#WhoIAm: I Don't Know, And That's Okay

I was on a phone interview, the other week, and I felt like I was doing pretty well — I’d memorized the most important keywords from the company's website, had practiced hypothetical answers in the shower and needed the money badly enough to sound extra passionate about the job — until the interviewer asked me: “So, who is Carissa?”

All the synapses in my brain fired at once, and all I could come up with was: “I don’t know.”

Scrambling to salvage the interview, I elaborated. I said, "I don’t know, but I’m in the process of figuring it out, and that’s what inspired me to apply for this job in the first place." I then told her the basic facts — where I’m from, how my academic and personal interests led me here, what skills I could bring to the position — and, miraculously, the interviewer seemed to like my answers. Even as I was talking, though, I felt like the labels listed on my resume and the labels I was regurgitating as an answer to this universal but dreaded interview question weren’t really describing me.

I got the job (no thanks to my mid-phonecall existential crisis). So, yay?

But the interview did leave me thinking a little more about the labels I use to describe myself. The first thing I say during class introductions, in the beginning of the semester, and the one thing that consistently appears on my social media bios, is “I’m South African.” I feel like being an Afrikaans-speaking South African is a big part of my identity; it’s the place where I was born, where I went to school and where I had many of my firsts in life. It’s also the place I left at 19 and haven’t returned to in four years. In the grand scheme of things, four years isn’t a long time. Yet, my life in South Africa feels more and more like a hazy dream as I continue to put down roots in the U.S. I’ve even lost some of my accent. I’m definitely not American, but I don’t feel completely South African anymore either, so who am I?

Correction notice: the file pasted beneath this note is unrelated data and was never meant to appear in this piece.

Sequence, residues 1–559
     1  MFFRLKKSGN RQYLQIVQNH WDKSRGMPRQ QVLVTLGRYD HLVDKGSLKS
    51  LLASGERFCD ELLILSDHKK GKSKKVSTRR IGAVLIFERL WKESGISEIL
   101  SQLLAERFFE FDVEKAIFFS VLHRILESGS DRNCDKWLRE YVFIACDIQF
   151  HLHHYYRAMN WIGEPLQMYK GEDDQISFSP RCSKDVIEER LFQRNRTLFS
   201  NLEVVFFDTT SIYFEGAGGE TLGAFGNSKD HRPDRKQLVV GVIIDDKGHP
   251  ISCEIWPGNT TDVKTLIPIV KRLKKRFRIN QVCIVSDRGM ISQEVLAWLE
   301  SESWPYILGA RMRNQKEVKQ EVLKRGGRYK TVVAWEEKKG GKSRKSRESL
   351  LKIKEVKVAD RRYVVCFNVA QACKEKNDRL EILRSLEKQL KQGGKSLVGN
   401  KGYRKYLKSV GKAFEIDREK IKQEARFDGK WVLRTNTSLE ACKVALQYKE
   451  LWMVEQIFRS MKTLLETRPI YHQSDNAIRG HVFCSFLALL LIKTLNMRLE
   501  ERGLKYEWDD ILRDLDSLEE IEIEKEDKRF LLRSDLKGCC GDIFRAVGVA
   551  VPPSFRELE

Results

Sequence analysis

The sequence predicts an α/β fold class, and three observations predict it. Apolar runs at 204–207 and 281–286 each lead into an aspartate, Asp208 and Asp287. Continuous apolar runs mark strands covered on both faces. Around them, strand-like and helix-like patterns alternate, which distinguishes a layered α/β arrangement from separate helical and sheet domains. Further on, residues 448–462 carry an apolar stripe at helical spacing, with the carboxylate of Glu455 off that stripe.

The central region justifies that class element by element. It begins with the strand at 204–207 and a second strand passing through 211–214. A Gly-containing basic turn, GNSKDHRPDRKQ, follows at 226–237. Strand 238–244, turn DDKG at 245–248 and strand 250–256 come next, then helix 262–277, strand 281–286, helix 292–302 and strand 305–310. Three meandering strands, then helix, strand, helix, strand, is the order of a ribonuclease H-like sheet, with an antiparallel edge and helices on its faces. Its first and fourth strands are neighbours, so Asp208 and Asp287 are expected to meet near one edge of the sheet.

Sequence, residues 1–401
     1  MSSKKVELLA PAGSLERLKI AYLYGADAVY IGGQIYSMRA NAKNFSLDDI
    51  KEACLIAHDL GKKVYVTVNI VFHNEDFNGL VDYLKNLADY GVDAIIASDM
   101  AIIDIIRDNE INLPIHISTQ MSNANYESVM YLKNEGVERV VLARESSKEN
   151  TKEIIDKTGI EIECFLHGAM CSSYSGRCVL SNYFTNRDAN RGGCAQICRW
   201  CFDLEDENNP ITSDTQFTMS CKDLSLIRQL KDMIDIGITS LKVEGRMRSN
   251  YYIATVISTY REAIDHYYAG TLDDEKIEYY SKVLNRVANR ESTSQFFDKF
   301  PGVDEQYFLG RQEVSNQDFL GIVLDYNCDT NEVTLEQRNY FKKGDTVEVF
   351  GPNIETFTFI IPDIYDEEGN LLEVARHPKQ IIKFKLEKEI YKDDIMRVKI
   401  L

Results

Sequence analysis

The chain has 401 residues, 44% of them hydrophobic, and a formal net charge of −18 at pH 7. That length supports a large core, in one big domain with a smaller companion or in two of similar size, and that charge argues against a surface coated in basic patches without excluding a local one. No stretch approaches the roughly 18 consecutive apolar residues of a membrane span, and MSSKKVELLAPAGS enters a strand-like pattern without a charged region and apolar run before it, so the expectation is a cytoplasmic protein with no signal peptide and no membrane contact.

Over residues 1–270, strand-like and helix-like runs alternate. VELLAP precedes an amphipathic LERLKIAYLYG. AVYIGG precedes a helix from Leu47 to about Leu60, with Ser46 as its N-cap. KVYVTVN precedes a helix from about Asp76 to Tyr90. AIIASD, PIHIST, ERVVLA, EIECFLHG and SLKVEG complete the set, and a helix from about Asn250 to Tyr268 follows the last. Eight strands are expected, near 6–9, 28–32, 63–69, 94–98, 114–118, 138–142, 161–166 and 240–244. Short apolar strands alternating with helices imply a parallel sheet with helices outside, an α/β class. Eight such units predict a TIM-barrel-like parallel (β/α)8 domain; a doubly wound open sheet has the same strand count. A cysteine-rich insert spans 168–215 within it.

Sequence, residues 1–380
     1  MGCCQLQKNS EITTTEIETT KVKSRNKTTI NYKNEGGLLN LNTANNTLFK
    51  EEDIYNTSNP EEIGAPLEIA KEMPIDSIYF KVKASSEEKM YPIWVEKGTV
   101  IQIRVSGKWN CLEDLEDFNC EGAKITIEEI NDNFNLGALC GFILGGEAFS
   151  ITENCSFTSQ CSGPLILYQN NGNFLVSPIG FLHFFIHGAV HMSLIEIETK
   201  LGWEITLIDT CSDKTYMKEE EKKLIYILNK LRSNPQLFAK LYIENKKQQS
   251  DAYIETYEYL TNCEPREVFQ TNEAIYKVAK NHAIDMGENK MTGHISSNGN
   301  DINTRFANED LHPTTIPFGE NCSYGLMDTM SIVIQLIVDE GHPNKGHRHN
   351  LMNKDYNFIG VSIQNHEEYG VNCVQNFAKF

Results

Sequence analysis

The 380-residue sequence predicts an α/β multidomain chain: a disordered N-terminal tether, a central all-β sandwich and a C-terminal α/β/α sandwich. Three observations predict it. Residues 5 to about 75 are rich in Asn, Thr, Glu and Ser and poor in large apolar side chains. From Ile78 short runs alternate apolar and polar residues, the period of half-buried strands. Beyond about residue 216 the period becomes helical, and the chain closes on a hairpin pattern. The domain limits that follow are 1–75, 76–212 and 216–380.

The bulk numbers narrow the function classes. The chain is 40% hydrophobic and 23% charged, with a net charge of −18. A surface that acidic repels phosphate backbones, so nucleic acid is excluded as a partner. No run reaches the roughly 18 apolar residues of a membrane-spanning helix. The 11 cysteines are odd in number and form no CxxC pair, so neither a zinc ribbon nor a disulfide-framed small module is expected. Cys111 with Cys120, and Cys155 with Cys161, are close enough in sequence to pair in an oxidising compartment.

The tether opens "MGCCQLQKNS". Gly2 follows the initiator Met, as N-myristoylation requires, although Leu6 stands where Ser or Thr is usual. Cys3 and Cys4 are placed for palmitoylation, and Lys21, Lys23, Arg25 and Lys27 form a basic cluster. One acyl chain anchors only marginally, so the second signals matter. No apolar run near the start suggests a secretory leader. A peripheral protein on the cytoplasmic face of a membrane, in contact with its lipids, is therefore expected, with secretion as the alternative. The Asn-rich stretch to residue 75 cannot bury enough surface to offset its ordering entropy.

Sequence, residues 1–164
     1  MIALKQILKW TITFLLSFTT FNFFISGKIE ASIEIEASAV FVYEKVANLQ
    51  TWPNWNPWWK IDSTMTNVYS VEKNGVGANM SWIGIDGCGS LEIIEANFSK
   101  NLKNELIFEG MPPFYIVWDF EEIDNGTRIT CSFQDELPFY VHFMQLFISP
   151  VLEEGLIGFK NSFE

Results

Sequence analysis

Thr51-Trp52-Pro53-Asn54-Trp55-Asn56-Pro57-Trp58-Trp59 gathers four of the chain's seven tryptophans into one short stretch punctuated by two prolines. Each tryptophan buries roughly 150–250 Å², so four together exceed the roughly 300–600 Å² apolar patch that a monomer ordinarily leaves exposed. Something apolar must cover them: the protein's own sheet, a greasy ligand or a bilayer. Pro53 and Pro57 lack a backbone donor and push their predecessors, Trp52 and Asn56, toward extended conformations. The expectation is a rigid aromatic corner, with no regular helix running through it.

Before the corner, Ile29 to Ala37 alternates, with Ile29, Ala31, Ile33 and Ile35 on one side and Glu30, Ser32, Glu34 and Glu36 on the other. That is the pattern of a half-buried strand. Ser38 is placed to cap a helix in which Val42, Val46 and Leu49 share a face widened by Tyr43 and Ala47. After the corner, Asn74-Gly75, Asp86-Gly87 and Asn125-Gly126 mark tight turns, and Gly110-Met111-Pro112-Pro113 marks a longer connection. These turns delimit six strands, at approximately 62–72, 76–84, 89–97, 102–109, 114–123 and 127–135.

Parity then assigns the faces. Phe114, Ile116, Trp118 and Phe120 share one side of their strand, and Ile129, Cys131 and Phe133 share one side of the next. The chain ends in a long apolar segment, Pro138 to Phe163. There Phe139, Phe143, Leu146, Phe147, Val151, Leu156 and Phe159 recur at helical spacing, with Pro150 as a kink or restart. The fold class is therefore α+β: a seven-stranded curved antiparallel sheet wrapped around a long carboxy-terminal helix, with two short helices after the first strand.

Another go-to label I love to use is “university student”. I love university, I love my major and I love academics. I’m comfortable with being a student, and it’s really the only thing I’ve been doing for most of my life. But I’m a senior, set to graduate at the end of the year. I’m totally burnt out, and I want to try not being a student for a change. As excited as I am for that though, losing that label feels scary too. I have no idea who I’ll be after I graduate, or what I want to do with my life.

This year was also the year I came out to myself, followed by my brothers and a few close friends. It was a long time coming, but finally acknowledging this new part of my identity was hard for me. I spent 20+ years thinking I was one thing, but suddenly, I didn’t know where I belonged. I already knew I couldn’t reveal this side of myself to my conservative-minded parents, but for a while, I also felt like I wasn’t allowed to take up a space in the LGBTQ+ community either. I didn’t — and still don’t — feel ready to declare my sexuality because I don’t feel like I fully fit under any one thing. Having to perform a different side of myself in front of my parents and not being able to put a name to something that’s quickly becoming a big part of my identity is… alienating, to say the least, and it, once again, begs the question: who am I?

The answer is "I don’t know." And I’m learning how to be okay with that. I’m figuring myself out, and, if I let it, I know this process of self-discovery can be just as exciting as it can be scary or lonely. Cliché as it sounds, I look forward to getting to know myself in the years to come.